Most of my friends are not audiophiles. In other words, most of them don’t care all that much about the actual sound of the music they play in their homes. Or their cars. Or at the gym. They care about the music, of course, but the sound of it—whether it passes a certain threshold we’ll call, um, audible—is of little consequence to them.
My wife, Andrea, and I have two kids, Abigail, 17, and Ian, 15. The two of them grew up training in Brazilian Jiu-Jitsu (BJJ), a grappling-based martial art that I studied and taught for many years. Abigail started at age seven, Ian at six. Abigail still trains BJJ—mostly with me—but Ian transitioned to the sport of wrestling at the ripe old age of ten. He wanted to do a sport that he could pursue in college one day, and he loved life on the mat.
I’m writing this on December 15, 2021. Since Christmas is a week from this Saturday, I thought it would be the perfect time to list some of the many things connected to the audio industry and my position with SoundStage!—editor in chief—that I’m thankful for. So here they are (in no particular order).
On October 20, 2021, Stereophile published a review of the Dan D’Agostino Master Audio Systems Progression M550 monoblock power amplifiers ($44,950 USD per pair) by Jason Victor Serinus.
The jaded among us will tell you that being an audiophile is mostly about “playing” with expensive audio equipment. I’m here to tell you—and my experiences with Sonus Faber’s Maxima Amator have strongly reinforced this notion—that being an audiophile is mostly an ongoing journey of discovery.
Last month in “Material Obsession: Sonus Faber’s Maxima Amator,” I detailed my unboxing of the latest entry into the Italian company’s Heritage Collection of artisan-crafted loudspeakers. In that article, Sonus Faber’s VP of product development, Livio Cucuzza, described the values and processes in place at the storied brand’s headquarters in Arcugnano, Italy, that led to the new model, the only floorstander in the series. At the time, I shared my initial reactions to unboxing my pair of Maxima Amators—the product inserts, including the photobook, were greatly appreciated, as were the details of the design and construction of the loudspeakers themselves. I had already developed a keen interest when the model’s press release hit my inbox, but I was absolutely smitten with the actual set of loudspeakers that showed up at my door.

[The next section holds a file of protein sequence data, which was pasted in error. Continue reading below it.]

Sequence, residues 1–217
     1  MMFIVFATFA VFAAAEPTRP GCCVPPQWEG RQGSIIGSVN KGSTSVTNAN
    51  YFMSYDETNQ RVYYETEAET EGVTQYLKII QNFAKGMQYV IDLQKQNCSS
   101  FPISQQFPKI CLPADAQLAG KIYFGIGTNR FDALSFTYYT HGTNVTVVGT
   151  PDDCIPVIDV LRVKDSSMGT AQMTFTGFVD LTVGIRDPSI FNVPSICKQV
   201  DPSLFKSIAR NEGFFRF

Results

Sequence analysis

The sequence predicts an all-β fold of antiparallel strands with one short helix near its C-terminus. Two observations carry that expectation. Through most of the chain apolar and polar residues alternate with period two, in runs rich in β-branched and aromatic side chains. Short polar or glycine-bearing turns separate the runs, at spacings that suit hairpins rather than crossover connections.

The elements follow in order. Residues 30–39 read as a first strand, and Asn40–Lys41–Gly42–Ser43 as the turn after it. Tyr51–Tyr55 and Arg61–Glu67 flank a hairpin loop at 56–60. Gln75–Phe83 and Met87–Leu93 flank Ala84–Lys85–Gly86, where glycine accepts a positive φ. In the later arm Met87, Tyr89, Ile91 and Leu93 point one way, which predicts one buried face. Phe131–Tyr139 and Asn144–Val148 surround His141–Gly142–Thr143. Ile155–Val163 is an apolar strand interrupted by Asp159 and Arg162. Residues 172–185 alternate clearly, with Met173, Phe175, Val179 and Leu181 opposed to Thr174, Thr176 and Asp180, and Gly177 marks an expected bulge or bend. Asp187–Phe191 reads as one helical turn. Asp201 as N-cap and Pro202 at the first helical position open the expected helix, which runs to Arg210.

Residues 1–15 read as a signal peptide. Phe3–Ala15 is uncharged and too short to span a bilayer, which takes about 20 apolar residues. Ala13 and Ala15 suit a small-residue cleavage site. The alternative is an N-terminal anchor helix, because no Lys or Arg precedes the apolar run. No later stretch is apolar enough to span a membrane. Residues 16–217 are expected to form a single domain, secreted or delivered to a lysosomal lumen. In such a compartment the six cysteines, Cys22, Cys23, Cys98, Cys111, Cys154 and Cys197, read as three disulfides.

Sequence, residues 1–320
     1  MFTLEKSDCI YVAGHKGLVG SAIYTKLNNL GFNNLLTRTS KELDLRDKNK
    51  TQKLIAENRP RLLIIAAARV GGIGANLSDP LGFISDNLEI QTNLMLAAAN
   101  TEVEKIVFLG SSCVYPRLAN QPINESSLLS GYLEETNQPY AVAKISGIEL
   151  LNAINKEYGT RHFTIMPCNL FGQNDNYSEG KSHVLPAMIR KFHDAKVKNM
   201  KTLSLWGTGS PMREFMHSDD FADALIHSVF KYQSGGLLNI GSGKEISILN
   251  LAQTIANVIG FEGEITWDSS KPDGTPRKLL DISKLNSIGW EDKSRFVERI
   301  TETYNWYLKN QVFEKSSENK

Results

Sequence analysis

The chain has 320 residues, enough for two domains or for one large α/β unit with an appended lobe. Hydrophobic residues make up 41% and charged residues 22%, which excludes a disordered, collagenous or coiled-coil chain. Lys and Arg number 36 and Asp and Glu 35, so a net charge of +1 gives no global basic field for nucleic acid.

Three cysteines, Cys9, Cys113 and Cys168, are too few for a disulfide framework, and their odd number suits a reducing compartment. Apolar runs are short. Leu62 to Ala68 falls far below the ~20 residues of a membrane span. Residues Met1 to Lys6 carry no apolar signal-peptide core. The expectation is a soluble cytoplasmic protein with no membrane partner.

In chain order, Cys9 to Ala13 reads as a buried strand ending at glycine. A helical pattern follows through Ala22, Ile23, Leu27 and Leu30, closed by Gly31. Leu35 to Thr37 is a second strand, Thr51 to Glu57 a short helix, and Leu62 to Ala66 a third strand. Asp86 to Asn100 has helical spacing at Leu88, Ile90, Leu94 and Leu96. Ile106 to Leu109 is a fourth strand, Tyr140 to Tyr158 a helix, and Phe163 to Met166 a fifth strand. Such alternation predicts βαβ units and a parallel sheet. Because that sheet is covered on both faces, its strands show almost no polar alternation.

High-end audio is about the faithful reproduction of music. But high-end audio gear is about other things, too, such as materials and their applications in audio components. If we’re talking about speakers, those materials could consist of anything from wood to composites to fiberglass and carbon fiber, or metals such as aluminum, and even pours such as concrete.
Recently I happened on Herb Reichert’s review of Harbeth’s Monitor 30.2 40th Anniversary Edition loudspeaker, originally published in the April 2018 issue of Stereophile. In it, Reichert states, “Many a day, I think Edgar Villchur, inventor of the acoustic-suspension loudspeaker and the dome tweeter, ruined audio, and that audiophiles will never stop denying how artificially colored the sounds of domes and cones in boxes really are.” I hope Herb’s tongue was planted firmly in his cheek when he wrote those words, but they don’t read that way to me.
All else being equal, newer is generally better—a conclusion I recently came to (and not for the first time) after another round of car shopping. I’d rather have a newer-model car than the outgoing model, if only for the former’s updated infotainment systems: these days, at least for a family such as mine, with two teenagers, Apple’s CarPlay is a necessity. And newer vehicles offer other, more basic advantages: greater fuel efficiency, improved safety features, and better build quality all around.
The notion that high-end audio can’t offer strong value propositions is ridiculous. If you choose your components wisely, you can assemble and own an incredible-sounding music-reproducing system that will virtually transport you to the best clubs, concert halls, and recording studios in history—a system that will last for decades as it provides thousands of hours of listening enjoyment to you and your family.
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